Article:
Nov 10
cat licking wound

How to manage your cats minor wounds and skin irritations

So your cat has come home with a wound. What can you do? Firstly do a tip to tail check to see what you’re dealing with.

Deep cuts (through the skin exposing underlying tissue) and puncture wounds (such as from a tooth or nail) require veterinary attention. If the wound is bleeding apply sterile gauze and pressure for about 5 minutes, this should stop it but don’t remove the gauze as that may start the wound to bleed again. If possible apply a light bandage over the top. Now you can hightail your kitty to the veterinarian.

Minor cuts or abrasions are a different matter. They are not usually life threatening and can often be treated from home. These kinds of wounds are small (think grazed knee!) and may have superficial bleeding.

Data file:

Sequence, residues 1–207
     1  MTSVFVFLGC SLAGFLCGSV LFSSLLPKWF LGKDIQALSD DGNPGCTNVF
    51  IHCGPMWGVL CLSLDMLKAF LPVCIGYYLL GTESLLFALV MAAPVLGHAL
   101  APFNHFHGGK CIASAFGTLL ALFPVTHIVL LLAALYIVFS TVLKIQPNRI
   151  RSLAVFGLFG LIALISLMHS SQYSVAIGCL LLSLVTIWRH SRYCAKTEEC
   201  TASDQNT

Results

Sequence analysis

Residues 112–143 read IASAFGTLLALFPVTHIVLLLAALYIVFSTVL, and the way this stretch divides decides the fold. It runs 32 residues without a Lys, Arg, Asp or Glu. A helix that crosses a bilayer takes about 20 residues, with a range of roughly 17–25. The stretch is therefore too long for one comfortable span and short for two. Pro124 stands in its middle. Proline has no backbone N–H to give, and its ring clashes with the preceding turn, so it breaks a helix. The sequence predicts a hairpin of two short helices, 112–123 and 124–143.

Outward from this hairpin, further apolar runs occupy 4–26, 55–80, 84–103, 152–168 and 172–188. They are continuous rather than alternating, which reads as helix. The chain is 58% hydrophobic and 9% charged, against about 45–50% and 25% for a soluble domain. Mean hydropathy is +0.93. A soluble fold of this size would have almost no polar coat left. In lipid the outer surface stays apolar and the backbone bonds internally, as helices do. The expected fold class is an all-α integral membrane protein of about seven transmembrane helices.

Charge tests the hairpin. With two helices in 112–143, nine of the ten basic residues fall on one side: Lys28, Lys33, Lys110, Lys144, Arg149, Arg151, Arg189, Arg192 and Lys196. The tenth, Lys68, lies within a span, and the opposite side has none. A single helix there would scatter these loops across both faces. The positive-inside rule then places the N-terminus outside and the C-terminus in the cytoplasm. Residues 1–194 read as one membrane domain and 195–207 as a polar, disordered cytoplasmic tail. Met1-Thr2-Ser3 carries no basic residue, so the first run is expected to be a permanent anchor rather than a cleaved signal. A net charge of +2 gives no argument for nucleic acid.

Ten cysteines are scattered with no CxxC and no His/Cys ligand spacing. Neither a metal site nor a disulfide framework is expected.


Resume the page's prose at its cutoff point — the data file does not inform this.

Now, ultimately your cat is in control and they are going to decide what you can and can’t do at home. Wounds are sore and if your kitty doesn’t want you near them don’t risk being bitten or scratched, if you cant even examine your mate you are better off scooping them up and into a carrier and heading to the veterinarian where they can do a thorough assessment.

If your kitty is docile enough and you’re dealing with a minor cut or abrasion, steps are as follows:

  1. Stop any bleeding. Sterile gauze. Pressure for 5 minutes.
  2. Apply a water-based lubricant- i.e. KY jelly- direct to the wound. This stops further dirt or hair getting in.
  3. Use clippers on the hair around the wound – now air can get in and you can clean and monitor the wound more easily. (Again- safety first- if this freaks your cat out don’t do it! Leave it to the professionals)
  4. Bathe the wound with saline (from pharmacy or made at home is 1/2 teaspoon salt in 1 cup water boiled water mixed together then cooled)
  5. Dab with dilute betadine (povidone-iodine). The dilution should be the colour of weak tea.
  6. Do steps 4&5 twice daily and monitor the wound very closely. If the area is becoming swollen, red or smelly it’s no longer suitable to manage at home.

For specific advice for your kitty, go to